One of the important differences in this definition is in bullet point #2. The new regulations require that in order to investigate a sexual harassment complaint, the conduct be “severe, pervasive, and objectively offensive.” The prior guidance, and our existing policy, uses a “severe or pervasive” standard, meaning that if the conduct is severe (for example, an incident of unwanted sexual touching) but not pervasive (it only happened once), it was subject to the policy and could be investigated. Under the new definition, the conduct would not meet the criteria and could not be investigated under Title IX. Similarly, under our current policy, the conduct would be covered under the definition of sexual assault. Under the new regulations, it does not fit that definition.
Will BU be able to continue to address sexual misconduct that it cannot address under Title IX?
Yes. BU will continue to respond to, and investigate, the full range of complaints of sexual misconduct that it currently does under the existing Sexual Misconduct/Title IX Policy. There are federal and state laws (e.g., Title VII, Massachusetts law ch. 151B and 151C) that require us to continue to address all of the types of sexual misconduct that we currently do. Complaints that fall under the new Title IX regulations, as noted above, will be investigated using the procedures required by the new regulations, which are very different from our existing procedures. Those complaints that do not fall under Title IX will be investigated using procedures similar to those currently in place. We are in the process of developing the new policy, which will address both Title IX sexual harassment and sexual misconduct that does not fall under Title IX, and the procedures that will accompany each.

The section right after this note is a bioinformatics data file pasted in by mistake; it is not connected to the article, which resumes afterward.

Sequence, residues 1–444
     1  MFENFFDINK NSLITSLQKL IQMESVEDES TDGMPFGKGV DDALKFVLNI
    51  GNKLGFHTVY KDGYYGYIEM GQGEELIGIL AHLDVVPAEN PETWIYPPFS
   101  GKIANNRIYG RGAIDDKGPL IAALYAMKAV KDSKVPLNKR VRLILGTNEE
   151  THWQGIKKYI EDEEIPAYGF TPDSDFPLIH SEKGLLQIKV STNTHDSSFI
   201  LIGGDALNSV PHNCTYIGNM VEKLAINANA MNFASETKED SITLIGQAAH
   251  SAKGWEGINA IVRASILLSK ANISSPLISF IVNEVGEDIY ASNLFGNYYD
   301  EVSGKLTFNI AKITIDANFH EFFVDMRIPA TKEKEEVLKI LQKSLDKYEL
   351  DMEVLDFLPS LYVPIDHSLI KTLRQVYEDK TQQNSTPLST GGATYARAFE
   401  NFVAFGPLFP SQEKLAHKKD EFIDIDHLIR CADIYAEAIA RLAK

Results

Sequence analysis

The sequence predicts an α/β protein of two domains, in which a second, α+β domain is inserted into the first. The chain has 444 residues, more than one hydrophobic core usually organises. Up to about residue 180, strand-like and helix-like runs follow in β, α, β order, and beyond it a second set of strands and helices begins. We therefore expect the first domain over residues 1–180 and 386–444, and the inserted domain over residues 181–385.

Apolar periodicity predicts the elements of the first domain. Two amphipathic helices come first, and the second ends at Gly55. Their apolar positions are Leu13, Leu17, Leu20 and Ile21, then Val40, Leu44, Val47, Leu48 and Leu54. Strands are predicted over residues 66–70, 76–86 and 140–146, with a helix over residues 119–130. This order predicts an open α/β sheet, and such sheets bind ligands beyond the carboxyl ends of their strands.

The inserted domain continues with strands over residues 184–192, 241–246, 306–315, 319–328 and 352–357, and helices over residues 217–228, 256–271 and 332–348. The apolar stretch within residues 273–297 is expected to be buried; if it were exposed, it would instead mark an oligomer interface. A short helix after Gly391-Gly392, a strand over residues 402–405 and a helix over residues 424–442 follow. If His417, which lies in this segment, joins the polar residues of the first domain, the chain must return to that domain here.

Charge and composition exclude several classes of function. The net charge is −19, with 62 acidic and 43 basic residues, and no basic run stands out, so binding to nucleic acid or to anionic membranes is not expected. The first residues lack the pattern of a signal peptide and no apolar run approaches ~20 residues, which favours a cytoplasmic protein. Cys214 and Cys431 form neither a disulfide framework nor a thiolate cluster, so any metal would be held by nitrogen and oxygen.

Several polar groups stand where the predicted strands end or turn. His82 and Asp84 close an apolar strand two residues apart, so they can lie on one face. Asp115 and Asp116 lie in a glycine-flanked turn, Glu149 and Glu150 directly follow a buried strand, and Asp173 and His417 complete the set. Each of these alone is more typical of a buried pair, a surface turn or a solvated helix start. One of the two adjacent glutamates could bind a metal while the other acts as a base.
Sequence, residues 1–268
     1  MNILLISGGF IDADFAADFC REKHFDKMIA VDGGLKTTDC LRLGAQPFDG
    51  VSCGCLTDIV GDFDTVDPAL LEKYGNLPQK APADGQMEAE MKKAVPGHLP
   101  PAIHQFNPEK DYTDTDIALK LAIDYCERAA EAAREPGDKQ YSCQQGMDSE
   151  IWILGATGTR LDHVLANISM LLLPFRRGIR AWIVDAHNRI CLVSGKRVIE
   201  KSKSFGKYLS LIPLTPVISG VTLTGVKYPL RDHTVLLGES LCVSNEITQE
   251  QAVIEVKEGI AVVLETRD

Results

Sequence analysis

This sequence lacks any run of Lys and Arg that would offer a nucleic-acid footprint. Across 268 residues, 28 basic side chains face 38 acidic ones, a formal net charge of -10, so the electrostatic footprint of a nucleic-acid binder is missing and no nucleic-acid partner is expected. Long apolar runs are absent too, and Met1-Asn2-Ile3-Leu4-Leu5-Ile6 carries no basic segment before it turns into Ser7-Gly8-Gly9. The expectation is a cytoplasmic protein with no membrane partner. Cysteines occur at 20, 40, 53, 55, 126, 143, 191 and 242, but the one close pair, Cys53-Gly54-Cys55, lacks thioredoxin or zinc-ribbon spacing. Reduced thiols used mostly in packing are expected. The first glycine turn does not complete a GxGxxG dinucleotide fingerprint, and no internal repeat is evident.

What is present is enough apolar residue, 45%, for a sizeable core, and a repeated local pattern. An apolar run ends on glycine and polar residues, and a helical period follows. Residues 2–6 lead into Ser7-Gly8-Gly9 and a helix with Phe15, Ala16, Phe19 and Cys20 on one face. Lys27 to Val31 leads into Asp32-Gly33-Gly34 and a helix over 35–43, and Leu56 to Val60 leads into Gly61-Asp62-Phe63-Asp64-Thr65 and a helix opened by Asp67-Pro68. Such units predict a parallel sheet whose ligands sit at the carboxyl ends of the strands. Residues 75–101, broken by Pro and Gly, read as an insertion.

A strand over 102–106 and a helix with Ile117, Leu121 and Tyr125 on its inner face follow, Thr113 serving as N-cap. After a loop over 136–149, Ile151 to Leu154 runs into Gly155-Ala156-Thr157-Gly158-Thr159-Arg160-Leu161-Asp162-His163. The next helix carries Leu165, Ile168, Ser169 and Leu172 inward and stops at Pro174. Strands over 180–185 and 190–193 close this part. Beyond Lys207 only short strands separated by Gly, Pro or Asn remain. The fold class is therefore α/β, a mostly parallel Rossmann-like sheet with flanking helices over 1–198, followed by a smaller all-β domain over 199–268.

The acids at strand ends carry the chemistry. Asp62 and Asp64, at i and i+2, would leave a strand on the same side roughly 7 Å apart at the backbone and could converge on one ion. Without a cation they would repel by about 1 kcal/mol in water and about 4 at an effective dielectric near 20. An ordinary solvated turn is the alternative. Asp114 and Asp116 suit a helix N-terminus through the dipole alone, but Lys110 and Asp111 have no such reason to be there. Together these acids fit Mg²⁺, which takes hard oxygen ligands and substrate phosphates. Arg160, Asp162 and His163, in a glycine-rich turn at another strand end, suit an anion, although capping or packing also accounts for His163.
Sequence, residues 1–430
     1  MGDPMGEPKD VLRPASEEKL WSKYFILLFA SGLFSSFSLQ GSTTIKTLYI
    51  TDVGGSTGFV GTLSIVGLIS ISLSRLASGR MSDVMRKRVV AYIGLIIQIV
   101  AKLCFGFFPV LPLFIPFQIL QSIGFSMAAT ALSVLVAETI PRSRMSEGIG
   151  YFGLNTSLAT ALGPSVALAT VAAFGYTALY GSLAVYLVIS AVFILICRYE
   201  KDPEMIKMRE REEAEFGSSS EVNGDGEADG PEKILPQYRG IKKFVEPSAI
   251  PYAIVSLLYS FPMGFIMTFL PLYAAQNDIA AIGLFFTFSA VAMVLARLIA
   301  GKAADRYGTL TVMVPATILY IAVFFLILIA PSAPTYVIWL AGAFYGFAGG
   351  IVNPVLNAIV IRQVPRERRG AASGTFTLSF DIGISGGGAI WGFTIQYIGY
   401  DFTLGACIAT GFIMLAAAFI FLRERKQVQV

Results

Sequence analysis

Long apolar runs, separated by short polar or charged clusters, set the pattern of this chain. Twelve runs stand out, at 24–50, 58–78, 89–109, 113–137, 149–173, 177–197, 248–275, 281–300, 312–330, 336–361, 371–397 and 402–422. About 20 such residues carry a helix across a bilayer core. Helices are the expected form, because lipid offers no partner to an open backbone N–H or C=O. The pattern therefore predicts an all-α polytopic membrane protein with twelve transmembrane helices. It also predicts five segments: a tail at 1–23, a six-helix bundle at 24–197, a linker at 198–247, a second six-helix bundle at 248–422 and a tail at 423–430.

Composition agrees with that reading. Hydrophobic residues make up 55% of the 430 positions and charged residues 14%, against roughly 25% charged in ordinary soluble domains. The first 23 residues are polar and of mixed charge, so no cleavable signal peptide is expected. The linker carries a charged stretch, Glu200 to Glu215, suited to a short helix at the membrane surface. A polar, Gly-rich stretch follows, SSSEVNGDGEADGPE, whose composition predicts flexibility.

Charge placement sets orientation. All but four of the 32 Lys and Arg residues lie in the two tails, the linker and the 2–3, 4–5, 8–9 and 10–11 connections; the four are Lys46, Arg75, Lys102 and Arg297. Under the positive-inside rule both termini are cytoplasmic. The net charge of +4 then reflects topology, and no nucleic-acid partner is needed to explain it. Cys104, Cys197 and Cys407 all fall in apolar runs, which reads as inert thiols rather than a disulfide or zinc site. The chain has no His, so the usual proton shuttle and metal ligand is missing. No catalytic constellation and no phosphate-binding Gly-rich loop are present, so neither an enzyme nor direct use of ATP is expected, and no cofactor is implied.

I understand that the new rules allow schools to determine guilt or innocence based on either a “preponderance of the evidence” or a “clear and convincing” standard. Could you explain the difference between “preponderance of evidence” standard and “clear and convincing evidence” standard? Why is that so important?